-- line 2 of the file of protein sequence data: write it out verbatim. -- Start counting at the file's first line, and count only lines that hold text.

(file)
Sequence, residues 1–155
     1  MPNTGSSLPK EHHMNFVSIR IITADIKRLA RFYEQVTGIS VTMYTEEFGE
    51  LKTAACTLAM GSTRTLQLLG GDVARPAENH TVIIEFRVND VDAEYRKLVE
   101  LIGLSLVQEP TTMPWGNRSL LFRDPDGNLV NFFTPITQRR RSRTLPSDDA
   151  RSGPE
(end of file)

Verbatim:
     1  MPNTGSSLPK EHHMNFVSIR IITADIKRLA RFYEQVTGIS VTMYTEEFGE